No changes will be made to Tristan’s senior leadership team, with founder and executive chairman Ric Lewis to remain at the helm. In a statement, Lewis said the business is well-positioned for growth ahead of the next European real estate cycle. For Tristan, this includes debt strategies – the firm launched its lending business in 2021, with the appointment of Dan Pottorff from LaSalle hired to manage a credit vehicle fund called TIPS One Income Plus Real Estate Debt Fund. Tristan has since built a loan book of €400 million in Europe.

Loan in focus

Varso Place, Warsaw

Warsaw loan record
Four banks have agreed to refinance a mixed-use complex in central Warsaw, in a deal the borrower described as the largest ever non-portfolio loan in the Polish commercial real estate market. Luxembourg-headquartered developer HB Reavis – which has a long track-record in central and eastern European markets – secured the €475 million financing for Varso Place, which was completed in 2022 and comprises 1.5 million square feet of office, hotel and retail space, including the BREEAM ‘Outstanding’ Varso Tower.

The loan was provided by the Polish arm of Spanish bank Santander, plus Poland’s Bank Pekao and German lenders Helaba and Berlin Hyp – the latter two having previously lent €350 million against the project.

HB Reavis said the transaction is a “good prognosis” for the other schemes it is planning – including in Poland as well as Germany and the UK. In August, it was reported to be seeking a £1 billion loan for its One Waterloo office scheme in London.


Losing credit
Rising interest rates are driving a deterioration in the credit quality of European real estate companies, according to Moody’s. In a note, the rating agency warned credit quality would continue to deteriorate, with companies that depended on asset sales to secure financial stability being particularly vulnerable.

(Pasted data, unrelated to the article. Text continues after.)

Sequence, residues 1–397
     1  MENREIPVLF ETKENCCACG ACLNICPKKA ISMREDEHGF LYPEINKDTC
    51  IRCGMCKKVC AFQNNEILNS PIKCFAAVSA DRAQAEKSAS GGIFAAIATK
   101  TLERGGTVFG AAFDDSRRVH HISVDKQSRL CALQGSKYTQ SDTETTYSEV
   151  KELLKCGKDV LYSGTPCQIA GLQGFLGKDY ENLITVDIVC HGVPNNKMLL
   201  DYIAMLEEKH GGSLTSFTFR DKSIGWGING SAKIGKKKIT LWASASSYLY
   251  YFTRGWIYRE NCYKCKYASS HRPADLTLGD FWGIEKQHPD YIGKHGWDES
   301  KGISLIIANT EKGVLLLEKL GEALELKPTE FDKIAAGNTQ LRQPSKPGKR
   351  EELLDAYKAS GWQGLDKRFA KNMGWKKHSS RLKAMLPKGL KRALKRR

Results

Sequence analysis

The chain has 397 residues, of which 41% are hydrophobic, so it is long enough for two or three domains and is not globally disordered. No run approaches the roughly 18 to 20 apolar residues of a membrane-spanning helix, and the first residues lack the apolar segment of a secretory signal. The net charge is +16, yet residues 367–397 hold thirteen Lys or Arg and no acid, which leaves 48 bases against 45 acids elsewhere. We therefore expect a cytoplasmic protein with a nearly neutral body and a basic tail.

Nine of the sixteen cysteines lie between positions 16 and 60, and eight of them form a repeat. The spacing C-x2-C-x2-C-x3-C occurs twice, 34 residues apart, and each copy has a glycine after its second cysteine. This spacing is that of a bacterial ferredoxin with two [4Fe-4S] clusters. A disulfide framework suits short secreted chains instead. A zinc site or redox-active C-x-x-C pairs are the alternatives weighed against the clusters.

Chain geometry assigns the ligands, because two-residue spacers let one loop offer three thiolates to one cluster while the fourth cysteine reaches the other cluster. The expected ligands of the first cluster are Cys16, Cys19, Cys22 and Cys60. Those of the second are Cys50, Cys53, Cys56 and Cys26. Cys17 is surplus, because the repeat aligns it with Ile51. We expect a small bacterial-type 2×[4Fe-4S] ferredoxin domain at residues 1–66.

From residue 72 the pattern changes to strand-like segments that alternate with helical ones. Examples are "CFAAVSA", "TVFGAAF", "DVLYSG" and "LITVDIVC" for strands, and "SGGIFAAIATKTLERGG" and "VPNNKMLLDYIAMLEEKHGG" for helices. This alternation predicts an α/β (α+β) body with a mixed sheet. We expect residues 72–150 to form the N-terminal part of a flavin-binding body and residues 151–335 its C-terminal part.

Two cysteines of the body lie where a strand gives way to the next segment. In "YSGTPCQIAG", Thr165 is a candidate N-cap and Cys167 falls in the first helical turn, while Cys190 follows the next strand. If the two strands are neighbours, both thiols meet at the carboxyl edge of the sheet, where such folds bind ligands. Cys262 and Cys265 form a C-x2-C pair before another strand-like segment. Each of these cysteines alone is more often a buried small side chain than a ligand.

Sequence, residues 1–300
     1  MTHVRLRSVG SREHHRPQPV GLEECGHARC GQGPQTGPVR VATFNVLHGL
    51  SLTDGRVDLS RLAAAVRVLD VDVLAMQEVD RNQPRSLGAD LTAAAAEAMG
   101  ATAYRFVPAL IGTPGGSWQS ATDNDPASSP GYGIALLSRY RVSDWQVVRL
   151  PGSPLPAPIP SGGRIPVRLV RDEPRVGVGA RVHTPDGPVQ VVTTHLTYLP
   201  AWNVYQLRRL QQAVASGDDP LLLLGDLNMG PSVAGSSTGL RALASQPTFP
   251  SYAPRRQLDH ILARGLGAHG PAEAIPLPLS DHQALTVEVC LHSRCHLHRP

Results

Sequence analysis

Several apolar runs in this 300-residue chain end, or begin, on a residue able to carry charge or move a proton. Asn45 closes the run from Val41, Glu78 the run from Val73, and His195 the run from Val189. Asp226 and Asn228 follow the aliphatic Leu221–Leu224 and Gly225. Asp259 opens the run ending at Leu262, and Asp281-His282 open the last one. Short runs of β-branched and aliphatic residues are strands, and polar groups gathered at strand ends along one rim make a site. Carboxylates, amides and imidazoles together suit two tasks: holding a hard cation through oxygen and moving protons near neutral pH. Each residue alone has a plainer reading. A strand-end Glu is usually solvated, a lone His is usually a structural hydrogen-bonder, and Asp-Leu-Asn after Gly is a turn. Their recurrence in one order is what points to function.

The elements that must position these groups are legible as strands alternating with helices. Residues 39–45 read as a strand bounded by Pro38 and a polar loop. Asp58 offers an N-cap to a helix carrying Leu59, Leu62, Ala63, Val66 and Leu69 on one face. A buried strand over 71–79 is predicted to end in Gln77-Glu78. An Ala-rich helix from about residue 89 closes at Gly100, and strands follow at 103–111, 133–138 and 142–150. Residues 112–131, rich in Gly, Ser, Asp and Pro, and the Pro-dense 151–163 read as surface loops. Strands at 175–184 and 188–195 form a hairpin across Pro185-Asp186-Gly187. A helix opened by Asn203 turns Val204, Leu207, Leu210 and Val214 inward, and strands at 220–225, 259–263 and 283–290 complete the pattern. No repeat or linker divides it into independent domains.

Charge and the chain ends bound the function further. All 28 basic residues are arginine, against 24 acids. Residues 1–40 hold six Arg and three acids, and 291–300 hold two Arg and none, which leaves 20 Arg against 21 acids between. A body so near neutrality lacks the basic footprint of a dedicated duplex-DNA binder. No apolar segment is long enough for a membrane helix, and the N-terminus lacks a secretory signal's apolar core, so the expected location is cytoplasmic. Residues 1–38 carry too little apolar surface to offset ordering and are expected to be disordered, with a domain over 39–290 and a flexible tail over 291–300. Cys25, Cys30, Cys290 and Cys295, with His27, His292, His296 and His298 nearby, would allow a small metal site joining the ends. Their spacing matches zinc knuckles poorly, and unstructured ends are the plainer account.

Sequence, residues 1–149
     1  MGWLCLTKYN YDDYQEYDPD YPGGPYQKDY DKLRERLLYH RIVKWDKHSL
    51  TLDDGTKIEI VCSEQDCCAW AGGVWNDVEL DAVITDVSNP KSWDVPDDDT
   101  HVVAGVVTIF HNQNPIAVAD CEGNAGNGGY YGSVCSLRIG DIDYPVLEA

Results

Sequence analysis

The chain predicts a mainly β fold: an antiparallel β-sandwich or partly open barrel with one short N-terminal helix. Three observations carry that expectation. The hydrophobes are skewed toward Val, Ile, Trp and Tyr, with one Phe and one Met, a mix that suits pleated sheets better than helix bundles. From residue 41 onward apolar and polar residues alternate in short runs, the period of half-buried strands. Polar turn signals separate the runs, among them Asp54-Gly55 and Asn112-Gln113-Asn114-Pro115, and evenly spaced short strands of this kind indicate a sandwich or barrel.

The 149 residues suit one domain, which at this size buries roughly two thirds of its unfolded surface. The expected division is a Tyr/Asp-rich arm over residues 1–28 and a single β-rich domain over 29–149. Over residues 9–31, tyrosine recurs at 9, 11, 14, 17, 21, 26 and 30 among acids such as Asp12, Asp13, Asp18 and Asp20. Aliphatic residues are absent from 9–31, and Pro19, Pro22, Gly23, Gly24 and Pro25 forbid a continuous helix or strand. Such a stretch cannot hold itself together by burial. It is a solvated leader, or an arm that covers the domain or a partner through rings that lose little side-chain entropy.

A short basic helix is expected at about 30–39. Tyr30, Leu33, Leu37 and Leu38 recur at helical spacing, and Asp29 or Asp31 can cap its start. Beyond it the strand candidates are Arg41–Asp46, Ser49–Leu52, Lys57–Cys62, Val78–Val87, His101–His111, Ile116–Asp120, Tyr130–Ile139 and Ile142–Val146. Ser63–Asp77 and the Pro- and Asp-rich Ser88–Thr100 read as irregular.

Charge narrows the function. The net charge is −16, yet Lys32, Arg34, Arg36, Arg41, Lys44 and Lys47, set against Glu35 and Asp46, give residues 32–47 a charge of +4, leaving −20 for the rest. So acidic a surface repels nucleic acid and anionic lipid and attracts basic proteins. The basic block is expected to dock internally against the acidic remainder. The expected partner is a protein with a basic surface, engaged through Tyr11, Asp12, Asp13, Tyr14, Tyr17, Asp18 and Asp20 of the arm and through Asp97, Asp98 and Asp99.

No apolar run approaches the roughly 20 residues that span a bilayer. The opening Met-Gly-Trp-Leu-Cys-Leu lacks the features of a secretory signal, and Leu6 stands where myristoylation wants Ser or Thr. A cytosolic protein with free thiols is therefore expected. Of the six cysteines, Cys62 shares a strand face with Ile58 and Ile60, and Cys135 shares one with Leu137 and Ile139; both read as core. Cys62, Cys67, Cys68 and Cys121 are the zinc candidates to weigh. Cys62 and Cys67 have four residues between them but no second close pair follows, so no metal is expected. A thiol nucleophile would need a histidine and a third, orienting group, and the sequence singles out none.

Further property value declines would increase debt-to-asset ratios, it said, while sharply higher cost of debt would reduce fixed charge cover ratios – which shows how well a company’s earnings can cover its fixed expenses, such as debt payments. “For most of the companies we rate, the latest balance sheets still reflect property valuations as of the first half of 2022 … and did not reflect the change in the property and interest rate environment,” Moody’s said.

Debt hits land values
Property consultant Colliers cited the impact of increased borrowing costs in a report in which it said UK industrial land values almost halved in the second part of last year. The firm said industrial land values shrank by 47.4 percent, to £1.5 million per acre in the six months to December 2022. Yields moved out by more than 150 basis points as the Bank of England raised the UK base rate, it added.

“While it was generally accepted that the market was due a correction, the speed at which this occurred was widely unexpected,” said Andrea Ferranti, head of industrial research at Colliers. “We suggest that values are about to bottom out, and providing we see strong signs of inflationary pressures abating this year, borrowing costs will ease.”

Data snapshot

Back to desks
Office workers in key European markets are increasingly returning to their desks, the latest data from consultant BNP Paribas Real Estate suggests. Annual take-up for 17 markets monitored by the firm came in at almost 9.1 million square metres, equivalent to around 98.7 million square feet, and a 10 percent increase on 2021’s total. The consultancy said take-up was back in line with the long-term average. Read more here.

Today’s Term Sheet was prepared by Daniel Cunningham, with Lucy Scott and Mark Mwaungulu contributing